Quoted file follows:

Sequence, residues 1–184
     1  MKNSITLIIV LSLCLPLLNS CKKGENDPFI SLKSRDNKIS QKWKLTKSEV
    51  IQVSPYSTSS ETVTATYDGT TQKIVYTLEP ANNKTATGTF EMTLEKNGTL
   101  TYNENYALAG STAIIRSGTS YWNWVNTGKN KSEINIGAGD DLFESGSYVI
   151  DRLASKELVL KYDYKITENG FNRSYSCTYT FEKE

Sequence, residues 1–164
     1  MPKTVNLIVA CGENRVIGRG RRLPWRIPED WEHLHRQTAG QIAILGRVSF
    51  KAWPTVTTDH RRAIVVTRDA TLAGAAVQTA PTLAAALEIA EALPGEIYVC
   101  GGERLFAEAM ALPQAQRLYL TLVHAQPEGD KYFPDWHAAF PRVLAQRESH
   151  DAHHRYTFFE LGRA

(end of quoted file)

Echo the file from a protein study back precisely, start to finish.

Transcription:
Sequence, residues 1–184
     1  MKNSITLIIV LSLCLPLLNS CKKGENDPFI SLKSRDNKIS QKWKLTKSEV
    51  IQVSPYSTSS ETVTATYDGT TQKIVYTLEP ANNKTATGTF EMTLEKNGTL
   101  TYNENYALAG STAIIRSGTS YWNWVNTGKN KSEINIGAGD DLFESGSYVI
   151  DRLASKELVL KYDYKITENG FNRSYSCTYT FEKE

Sequence, residues 1–164
     1  MPKTVNLIVA CGENRVIGRG RRLPWRIPED WEHLHRQTAG QIAILGRVSF
    51  KAWPTVTTDH RRAIVVTRDA TLAGAAVQTA PTLAAALEIA EALPGEIYVC
   101  GGERLFAEAM ALPQAQRLYL TLVHAQPEGD KYFPDWHAAF PRVLAQRESH
   151  DAHHRYTFFE LGRA